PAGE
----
The excitement for me as an artist lies not in exploring the unknown but in how I can effectively organise a visual arrangement that reflects the atmosphere and intensity of an environment, evoking a precise moment of the day under specific light and conditions. I hope you enjoy the work
Feature of the week 14/07/2019
Spring, Whitfield Avenue
The house where I grew up in Newcastle-under-Lyme, was declared no longer fit for human habitation in 1974. My parents were happy to move into a local authority council property they had been offered being situated just across the road from this one. It was constructed in a similar style and there was a huge garden with two greenhouses where my dad happily grew vegetables in regimented rows, along with tomatoes and chrysanthemums. He was delighted with the move and spent every spare moment outside for many years although my mother was lonely and missed the intimacy of the cramped streets with a shop on every corner, in close proximity to the town centre. This painting was executed shortly after they moved and for me reflects the optimism I felt on visiting them at their new home where the view from the window reflected colour back into the house rather than the fifty shades of grey that permeated the old terraces. Back then, Farrow and Ball Drainpipe Grey was definitely not on the agenda for exterior woodwork. All the front doors in those days were red, yellow or blue and to my mind all the cherry trees looked like those painted by Van Gogh.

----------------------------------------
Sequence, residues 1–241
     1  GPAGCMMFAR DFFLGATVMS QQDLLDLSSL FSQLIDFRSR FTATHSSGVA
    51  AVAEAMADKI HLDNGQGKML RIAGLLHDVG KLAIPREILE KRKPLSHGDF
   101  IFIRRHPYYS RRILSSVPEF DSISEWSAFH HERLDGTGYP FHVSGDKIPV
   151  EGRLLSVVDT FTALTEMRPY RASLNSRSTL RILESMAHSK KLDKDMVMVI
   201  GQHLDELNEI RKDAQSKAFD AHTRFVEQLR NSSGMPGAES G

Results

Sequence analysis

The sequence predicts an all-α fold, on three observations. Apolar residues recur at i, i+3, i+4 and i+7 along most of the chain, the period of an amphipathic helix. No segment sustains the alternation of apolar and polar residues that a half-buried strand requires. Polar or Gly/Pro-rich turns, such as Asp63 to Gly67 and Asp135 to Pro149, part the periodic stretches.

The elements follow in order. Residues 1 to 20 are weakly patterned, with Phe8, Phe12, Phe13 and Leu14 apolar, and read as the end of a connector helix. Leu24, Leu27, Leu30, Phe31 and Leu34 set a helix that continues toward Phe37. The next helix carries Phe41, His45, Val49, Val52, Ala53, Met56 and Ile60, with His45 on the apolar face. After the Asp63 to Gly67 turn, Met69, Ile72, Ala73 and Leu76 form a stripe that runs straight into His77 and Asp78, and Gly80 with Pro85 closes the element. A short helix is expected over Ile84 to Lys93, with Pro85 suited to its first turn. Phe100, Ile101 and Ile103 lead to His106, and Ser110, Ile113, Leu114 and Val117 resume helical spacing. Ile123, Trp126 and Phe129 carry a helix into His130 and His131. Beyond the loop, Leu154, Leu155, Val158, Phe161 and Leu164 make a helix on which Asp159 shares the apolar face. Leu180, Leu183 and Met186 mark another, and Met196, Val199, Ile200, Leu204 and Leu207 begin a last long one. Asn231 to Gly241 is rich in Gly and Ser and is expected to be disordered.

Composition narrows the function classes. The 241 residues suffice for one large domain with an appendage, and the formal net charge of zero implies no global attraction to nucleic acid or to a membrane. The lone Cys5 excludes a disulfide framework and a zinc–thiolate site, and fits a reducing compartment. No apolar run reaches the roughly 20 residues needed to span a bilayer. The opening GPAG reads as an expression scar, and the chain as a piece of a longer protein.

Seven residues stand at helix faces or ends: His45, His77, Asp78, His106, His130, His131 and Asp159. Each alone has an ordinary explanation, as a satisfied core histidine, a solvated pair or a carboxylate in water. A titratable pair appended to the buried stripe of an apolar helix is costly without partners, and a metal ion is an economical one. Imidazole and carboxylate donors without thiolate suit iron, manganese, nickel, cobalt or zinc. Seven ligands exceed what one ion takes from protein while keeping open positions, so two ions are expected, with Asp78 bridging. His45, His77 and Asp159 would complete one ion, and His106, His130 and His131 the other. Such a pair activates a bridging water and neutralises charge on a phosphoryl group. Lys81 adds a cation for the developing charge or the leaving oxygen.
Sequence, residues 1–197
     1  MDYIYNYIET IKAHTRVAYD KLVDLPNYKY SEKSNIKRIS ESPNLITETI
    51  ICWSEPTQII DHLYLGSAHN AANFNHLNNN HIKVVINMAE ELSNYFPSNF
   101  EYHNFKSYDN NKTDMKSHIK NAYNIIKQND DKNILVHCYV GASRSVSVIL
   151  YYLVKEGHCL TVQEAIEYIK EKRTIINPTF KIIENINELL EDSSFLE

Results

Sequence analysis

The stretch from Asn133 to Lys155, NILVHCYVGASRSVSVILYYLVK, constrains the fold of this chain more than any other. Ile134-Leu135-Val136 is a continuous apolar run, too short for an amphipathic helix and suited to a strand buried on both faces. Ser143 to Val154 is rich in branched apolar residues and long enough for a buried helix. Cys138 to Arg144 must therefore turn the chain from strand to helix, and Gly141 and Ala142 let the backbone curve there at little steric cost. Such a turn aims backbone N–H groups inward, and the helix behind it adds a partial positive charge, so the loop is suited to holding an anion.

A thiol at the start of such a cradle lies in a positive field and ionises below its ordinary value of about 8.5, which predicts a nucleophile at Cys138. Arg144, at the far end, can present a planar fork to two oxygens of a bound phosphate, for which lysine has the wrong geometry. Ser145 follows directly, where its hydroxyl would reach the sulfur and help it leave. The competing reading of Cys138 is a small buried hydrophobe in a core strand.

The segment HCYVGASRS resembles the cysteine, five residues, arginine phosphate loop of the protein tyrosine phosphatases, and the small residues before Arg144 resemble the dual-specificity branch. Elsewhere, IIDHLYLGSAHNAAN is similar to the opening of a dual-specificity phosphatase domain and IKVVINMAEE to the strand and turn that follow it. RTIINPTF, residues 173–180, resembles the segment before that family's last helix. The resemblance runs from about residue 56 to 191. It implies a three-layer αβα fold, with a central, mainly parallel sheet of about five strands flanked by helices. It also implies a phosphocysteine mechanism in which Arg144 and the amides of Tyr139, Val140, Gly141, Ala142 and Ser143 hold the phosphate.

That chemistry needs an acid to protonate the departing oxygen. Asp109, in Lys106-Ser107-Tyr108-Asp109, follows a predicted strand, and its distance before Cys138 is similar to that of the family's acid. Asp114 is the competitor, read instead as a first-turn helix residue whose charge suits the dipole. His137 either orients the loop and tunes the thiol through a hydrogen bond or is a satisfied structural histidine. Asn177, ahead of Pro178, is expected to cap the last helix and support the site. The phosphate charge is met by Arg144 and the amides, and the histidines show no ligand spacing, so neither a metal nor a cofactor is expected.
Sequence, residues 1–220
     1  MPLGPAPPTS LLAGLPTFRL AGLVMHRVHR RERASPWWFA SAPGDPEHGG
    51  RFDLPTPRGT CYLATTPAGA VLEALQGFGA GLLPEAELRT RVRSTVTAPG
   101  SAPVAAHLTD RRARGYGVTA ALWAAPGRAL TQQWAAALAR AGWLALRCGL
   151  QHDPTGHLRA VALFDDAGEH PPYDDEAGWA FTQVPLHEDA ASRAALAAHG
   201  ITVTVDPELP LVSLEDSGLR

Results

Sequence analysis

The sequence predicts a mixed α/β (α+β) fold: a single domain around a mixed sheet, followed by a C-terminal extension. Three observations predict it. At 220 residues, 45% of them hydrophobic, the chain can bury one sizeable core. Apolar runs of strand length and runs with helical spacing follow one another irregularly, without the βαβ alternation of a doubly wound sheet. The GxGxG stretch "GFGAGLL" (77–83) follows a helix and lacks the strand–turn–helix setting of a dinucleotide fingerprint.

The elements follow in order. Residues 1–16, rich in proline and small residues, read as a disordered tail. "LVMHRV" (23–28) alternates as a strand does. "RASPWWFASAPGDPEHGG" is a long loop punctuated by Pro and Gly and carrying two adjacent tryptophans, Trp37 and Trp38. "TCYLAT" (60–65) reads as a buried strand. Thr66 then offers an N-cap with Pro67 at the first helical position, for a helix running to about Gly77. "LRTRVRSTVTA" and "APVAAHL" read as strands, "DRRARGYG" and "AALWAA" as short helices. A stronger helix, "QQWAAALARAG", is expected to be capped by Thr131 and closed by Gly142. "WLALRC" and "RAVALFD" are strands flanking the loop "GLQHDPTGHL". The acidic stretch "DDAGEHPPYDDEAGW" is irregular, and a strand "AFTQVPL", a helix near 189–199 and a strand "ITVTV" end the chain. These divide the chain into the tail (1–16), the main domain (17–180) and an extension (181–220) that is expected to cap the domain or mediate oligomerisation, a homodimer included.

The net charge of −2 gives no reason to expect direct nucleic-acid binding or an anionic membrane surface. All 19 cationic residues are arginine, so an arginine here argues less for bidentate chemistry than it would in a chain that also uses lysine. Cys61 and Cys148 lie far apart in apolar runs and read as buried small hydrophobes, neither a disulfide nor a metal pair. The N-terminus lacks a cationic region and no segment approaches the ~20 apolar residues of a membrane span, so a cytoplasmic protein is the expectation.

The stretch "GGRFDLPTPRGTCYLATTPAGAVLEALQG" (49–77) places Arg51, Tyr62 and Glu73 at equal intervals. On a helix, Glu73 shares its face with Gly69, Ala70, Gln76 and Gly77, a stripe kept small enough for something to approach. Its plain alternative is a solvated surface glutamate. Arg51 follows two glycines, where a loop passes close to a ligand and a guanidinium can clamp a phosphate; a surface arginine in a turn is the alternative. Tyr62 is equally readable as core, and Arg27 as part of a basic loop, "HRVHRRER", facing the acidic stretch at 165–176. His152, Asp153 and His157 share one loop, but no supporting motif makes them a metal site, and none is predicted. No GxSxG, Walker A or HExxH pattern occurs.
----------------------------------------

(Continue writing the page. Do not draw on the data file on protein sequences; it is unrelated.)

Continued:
After the First World War, Newcastle-under-Lyme along with Stoke-on-Trent and Sheffield in particular, benefitted greatly from a very generous building programme designed to reduce the number of slum dwellings and create homes ‘fit for heroes’. The policy was applied with varying degrees of enthusiasm across the country according to the make up of the local authority and the councillors in office. In Newcastle swathes of green fields surrounding the town on the higher land were populated by good sized family homes intended to replace the sometimes infested back-to back-houses of the lower land where smoke gathered and lay like a pall all winter. Around the new housing there was plenty of space and fresh air.
The avenue where this house is located was begun by a private builder in the 1920s and contains a variety of different styled fronts and facades. When the builder went bust midway through the build in 1926, as did so many in the construction industry, the company was taken over by the local authority with the result that approximately half the housing stock was privately owned with the other half becoming council housing.
We can only hope for such enlightenment in affordable housing today rather than being led by market forces and spreadsheet practices which appear to rule the roost.